To heal your own hero you would then use:


playSpell{
  Heal(FRIENDLY & HERO,1)
}

To get:


[
  {
    "event": "playSpell",
    "actions": [
      {
        "action": "Heal",
        "args": [
          {
            "left": "FRIENDLY",
            "op": "&",
            "right": "HERO"
          },
          1
        ]
      }
    ]
  }
]

Or to do an arbitrarily complex selection like "All enemy characters who aren't minions, or any hero" you can use this, which is both nonsensical and possible:


playSpell{
  Hit(ENEMY & CHARACTER - MINION | HERO, 1)
}

[
  {
    "event": "playSpell",
    "actions": [
      {
        "action": "Hit",
        "args": [
          {
            "left": {
              "left": {
                "left": "ENEMY",
                "op": "&",
                "right": "CHARACTER"
              },
              "op": "-",
              "right": "MINION"
            },
            "op": "|",
            "right": "HERO"
          },
          1
        ]
      }
    ]
  }
]

To give a little teaser of how the language is run in the game (which we'll go into more in the next part of the series) here's some code from the piece selector which is responsible for taking the piece state that holds all the pieces on the board and filtering them according to the selector it gets. To do this it recurses down the left sides of the expressions until it gets to a string which means it's something to filter the pieces on. Then as the recursion is climbing its way back up the stack it will check to see if there's a right side to the expression and an operator to combine the filtered pieces.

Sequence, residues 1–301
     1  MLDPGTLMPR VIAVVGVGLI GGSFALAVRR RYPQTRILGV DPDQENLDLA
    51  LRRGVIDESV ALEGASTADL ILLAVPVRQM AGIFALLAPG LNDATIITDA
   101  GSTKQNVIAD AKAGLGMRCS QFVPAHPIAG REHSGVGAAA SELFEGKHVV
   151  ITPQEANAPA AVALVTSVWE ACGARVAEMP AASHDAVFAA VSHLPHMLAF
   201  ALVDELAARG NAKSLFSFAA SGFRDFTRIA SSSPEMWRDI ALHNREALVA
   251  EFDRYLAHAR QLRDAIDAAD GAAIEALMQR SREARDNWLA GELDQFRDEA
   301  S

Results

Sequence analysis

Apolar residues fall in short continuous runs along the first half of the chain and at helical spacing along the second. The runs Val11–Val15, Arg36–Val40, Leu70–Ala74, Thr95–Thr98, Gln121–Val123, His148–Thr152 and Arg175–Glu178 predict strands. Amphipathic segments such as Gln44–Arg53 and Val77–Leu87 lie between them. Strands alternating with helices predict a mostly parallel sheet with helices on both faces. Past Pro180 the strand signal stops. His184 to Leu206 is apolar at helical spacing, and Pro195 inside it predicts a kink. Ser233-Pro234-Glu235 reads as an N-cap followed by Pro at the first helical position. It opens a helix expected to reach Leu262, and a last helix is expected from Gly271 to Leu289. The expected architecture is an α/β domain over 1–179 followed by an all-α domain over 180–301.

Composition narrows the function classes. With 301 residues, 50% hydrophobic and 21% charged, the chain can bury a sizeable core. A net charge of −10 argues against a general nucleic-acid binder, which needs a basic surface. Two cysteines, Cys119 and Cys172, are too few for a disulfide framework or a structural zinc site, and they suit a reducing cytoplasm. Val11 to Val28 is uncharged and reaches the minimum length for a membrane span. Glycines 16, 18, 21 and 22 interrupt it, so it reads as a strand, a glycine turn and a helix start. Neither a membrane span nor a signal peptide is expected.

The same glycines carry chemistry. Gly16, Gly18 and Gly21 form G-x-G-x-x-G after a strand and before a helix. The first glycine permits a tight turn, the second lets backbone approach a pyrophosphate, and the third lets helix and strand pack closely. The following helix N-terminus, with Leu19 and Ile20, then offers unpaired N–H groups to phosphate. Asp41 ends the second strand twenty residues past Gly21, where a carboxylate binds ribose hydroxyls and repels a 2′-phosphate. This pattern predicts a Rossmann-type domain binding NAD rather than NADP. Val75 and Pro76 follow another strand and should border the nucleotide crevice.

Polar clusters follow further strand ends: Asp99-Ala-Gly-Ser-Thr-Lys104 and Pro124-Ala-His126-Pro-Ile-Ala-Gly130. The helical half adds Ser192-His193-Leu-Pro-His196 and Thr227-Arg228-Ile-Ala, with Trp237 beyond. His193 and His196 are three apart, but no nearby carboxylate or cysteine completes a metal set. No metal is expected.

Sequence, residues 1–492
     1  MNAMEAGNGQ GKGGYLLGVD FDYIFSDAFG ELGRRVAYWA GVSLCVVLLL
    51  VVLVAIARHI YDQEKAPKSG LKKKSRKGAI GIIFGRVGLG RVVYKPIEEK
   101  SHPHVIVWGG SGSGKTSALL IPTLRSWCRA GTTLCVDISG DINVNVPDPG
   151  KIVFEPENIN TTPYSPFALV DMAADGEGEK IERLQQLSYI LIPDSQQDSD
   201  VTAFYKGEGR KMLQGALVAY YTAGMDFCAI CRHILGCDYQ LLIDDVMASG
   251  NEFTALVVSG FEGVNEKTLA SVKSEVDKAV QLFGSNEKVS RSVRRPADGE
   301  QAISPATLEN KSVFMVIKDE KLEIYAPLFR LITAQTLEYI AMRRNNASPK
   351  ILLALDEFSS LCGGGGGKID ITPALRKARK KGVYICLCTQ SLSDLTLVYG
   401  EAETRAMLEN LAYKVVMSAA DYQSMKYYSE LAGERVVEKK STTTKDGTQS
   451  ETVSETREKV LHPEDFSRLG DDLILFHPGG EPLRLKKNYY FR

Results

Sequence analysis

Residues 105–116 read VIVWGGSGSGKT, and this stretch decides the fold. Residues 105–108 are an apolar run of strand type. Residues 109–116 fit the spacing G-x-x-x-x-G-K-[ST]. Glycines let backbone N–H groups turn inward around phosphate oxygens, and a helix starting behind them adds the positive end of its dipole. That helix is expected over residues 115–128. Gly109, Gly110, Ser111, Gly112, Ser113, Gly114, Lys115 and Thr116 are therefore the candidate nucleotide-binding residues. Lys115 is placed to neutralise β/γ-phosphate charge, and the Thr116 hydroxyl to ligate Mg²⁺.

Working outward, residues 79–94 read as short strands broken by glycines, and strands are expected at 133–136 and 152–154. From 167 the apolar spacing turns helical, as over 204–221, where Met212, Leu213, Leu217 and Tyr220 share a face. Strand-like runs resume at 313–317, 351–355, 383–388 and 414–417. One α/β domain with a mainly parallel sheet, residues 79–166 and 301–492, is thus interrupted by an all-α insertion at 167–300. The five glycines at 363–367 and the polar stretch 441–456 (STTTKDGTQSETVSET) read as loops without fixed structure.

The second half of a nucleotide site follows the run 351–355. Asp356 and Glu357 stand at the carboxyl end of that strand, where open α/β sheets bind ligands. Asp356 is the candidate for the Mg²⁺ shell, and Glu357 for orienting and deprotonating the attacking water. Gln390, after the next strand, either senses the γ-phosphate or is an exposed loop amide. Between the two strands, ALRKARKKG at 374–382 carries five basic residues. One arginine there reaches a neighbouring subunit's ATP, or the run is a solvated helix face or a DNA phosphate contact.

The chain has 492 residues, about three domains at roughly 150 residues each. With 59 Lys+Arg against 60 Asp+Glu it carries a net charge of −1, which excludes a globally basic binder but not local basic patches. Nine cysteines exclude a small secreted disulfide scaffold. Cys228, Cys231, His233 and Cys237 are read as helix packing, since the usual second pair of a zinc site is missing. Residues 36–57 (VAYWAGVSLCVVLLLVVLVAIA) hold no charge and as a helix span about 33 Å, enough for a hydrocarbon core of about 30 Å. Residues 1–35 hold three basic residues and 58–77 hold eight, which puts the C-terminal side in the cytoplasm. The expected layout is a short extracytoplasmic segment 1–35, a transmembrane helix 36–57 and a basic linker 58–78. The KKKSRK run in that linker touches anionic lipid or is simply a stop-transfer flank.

export default class PieceSelector{
  constructor(allPieces, pieceSelectorParams){
    this.allPieces = allPieces;
    this.controllingPlayerId = pieceSelectorParams.controllingPlayerId;
  }

  Select(selector){
    //base case
    if(typeof selector == 'string'){
      switch(selector){
        case 'CHARACTER':
          return this.allPieces;
          break;
        case 'FRIENDLY':
          return this.allPieces.filter(p => p.playerId == this.controllingPlayerId);
          break;
        case 'ENEMY':
          return this.allPieces.filter(p => p.playerId != this.controllingPlayerId);
          break;
        case 'MINION':
          return this.allPieces.filter(p => p.isMinion);
          break;
        case 'HERO':
          return this.allPieces.filter(p => p.isHero);
          break;
        default:
          throw 'Invalid piece type selector ' + selector;
      }
    }

    if(!selector.left){
      throw 'Selector must have left hand side selector';
    }

    //ordinary case of recursing the piece selections
    let leftResult = this.Select(selector.left);

    if(selector.op && selector.right){
      let rightResult = this.Select(selector.right);

      switch(selector.op){
        case '|':
          return Union(leftResult, rightResult, (a,b) => a.id === b.id);
          break;
        case '&':
          return Intersection(leftResult, rightResult, (a,b) => a.id === b.id);
          break;
        case '-':
          return Difference(leftResult, rightResult, (a,b) => a.id === b.id);
          break;
      }

    }else{
      return leftResult;
    }
  }
}

And that right there is the fundamentals of card lang! Lists of events trigger the lists of actions which take arguments and select pieces to run the actions on. Tune in next time to find out more about how the server triggers and runs the actions!

Comments

comments powered by Disqus